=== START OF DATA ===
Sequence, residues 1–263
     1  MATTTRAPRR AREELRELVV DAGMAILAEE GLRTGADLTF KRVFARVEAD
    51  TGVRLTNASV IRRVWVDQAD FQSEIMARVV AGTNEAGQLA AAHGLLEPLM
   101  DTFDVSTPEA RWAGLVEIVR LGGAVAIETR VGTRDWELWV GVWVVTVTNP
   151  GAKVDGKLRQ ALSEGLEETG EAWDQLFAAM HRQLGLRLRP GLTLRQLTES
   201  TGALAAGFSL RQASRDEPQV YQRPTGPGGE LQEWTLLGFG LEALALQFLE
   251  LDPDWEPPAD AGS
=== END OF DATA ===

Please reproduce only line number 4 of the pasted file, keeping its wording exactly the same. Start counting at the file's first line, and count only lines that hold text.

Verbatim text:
   101  DTFDVSTPEA RWAGLVEIVR LGGAVAIETR VGTRDWELWV GVWVVTVTNP